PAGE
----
I feel, I feel, I feeeeeeeel like I'm coming through. After not having been able to write more than a few words (and then in role of editor), I wrote three songs, this afternoon.
No, I didn't. That's such a lie. What a liar I am!
What I did, actually, was to write the lyrics for three of Chris' songs. One I had most of, already, and was sort've. . . finalizing, I guess. One I had pieces of, and got in order (and wrote another verse for). One--the long one, the daunting one, the spunky one, for which I had not previously had a word, on which I could not muster a thought, let alone a line or verse--I wrote in its entirety.
And it is fun. I am so, so pleased--which is saying a lot, since I have a long and sordid history as a horrid detractor of myself. They need work in that I need to be more comfortable singing them than I am while he's playing them, and it's good to practice together, but.. they're.. . I like them. Goodness, that song is fun to sing. One of the others is fun, too. And the last--it's pretty. It's working. And Chris likes them all. Which is important, since it's his music. That makes us officially musical collaborators.
Which is, by the way, pretty hot.
Speaking of hot musical collaboration, and inspiration to write:
"I'd love to turn you on. . ."
Chris and I have been absolutely ploughing through the Beatles Anthology, which he found for us because he is fantastic. We just finished the 6th segment, which includes the making of Sgt. Pepper's Lonely Heart's Club Band. In particular, Paul (and George Martin, too, come to think) talk about the writing and production of "A Day in the Life."
Now, I was raised on the Beatles. And as far as explicit lyrics and raunchiness go, I would hands down say the Eagles and Jimmy Buffet (also formative) had it over them. My adoration for the Beatles was consequently deep and pure and utterly innocent.
And it wasn't 'til I was probably 19 or so that I caught wind of the strange and elusive beast, Beatles slash. I don't remember if it was before or after that, though, that I really, really listened to "Run For Your Life," from Rubber Soul (an album I'd had and loved since I was about nine). I mean, I'd heard it and knew it, but I mean really, really listened. And realized that it was rough sex in vocal form.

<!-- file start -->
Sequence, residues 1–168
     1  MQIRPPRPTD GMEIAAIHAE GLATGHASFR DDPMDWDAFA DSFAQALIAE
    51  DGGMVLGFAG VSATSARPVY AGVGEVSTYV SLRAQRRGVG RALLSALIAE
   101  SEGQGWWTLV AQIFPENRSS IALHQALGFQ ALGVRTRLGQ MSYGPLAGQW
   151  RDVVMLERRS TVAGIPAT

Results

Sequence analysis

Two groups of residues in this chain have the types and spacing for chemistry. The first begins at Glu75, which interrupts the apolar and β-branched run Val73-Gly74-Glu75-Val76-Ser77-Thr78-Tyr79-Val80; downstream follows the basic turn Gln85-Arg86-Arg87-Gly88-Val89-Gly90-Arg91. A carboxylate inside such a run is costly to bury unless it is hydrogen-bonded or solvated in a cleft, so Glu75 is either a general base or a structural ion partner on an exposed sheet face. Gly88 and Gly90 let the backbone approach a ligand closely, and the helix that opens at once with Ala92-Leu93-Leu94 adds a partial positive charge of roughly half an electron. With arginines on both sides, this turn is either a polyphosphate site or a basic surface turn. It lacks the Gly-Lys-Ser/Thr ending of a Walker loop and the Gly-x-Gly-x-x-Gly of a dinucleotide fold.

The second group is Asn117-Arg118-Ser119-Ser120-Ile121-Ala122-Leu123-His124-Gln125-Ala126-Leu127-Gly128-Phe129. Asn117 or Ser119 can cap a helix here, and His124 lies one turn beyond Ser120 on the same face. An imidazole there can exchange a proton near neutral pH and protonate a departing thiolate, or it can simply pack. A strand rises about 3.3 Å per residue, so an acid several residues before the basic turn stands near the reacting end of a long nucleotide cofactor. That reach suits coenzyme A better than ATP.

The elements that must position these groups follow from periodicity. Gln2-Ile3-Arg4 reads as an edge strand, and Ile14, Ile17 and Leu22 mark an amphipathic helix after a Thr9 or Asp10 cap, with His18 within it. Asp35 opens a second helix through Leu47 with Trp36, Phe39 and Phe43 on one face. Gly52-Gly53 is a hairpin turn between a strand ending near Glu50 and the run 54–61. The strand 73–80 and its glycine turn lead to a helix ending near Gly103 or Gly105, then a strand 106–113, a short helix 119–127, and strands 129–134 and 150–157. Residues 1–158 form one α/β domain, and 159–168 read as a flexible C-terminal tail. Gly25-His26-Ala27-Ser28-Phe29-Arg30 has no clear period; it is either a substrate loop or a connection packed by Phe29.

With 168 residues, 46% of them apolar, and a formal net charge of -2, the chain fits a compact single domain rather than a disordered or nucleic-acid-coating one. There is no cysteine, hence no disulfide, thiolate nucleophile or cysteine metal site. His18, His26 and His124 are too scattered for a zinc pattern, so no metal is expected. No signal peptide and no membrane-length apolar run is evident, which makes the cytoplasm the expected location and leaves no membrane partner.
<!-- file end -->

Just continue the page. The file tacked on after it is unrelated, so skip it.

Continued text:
Delete several paragraphs of rampant pornographic waxing here on the general subject of sexuality (mostly mine) as related to the Beatles.
In short, through this and that, I've come out of that nonsense about them being innocent. The drugs weren't a surprise, but it was harder, about the raunch. I'm seeing it, finally--seeing the sexuality in the show, understanding. The tens of thousands of girls who screamed when they leaned in inches from one another, heads together, mouths at the same mic, and sang high harmonies together didn't just like the music. I can barely keep my chair, now, and yes, the harmony is part of it, but it's not all.
And it's even occasionally in the lyrics. I hadn't noticed. "Why Don't We Get Drunk and Screw?" was too obvious to ignore, but the Beatles were subtle. I'd heard "A Day in the Life" a thousand times, and heard--and sung along with more often than not--the line "I'd love to turn you on" as it halts and sighs and pulses long, and assumed they either didn't mean it that way, or that it just didn't mean that then. It was the 60's, after all, a time of innocence.
I'm not sure how I managed that. It has to do with knowing it from before I was able to understand, I think.
And here was Paul, talking about writing with John, making music with him, waving off any claim of professionalism--he was, he said, a big fan of John's, and that it wasn't calmly joining to write, no--they were excited by what each the other was doing. "I can't wait to get my hands on that one!" and so forth. And there was something missing, in "A Day in the Life," he said. And when that line came up--he sang it in the interview, soft--it was it. And Paul has a way of looking naughty and knowing, you know. Turning his face just aside while looking forward, and lifting his eyebrows while lowering his eyelids and parting his lips, holding his body very, very still.
It was in the lingo, at the time, he said. Everyone knew it, he said, but no one had put it on an album, yet, dared to. "Do it! Put that in, write that down!" he repeated himself, sounding breathless and excited and sly. And I see it.
John Lennon and Paul McCartney, still eager to get their hands on one another's work, still meshing and collaborating, sitting close across over a keyboard, thrilling, when one of them looks up and sighs a non-sequitur, sings to the other, "I'd love to turn. . . you. . . on. . . "
And the other whispers, "Yes!"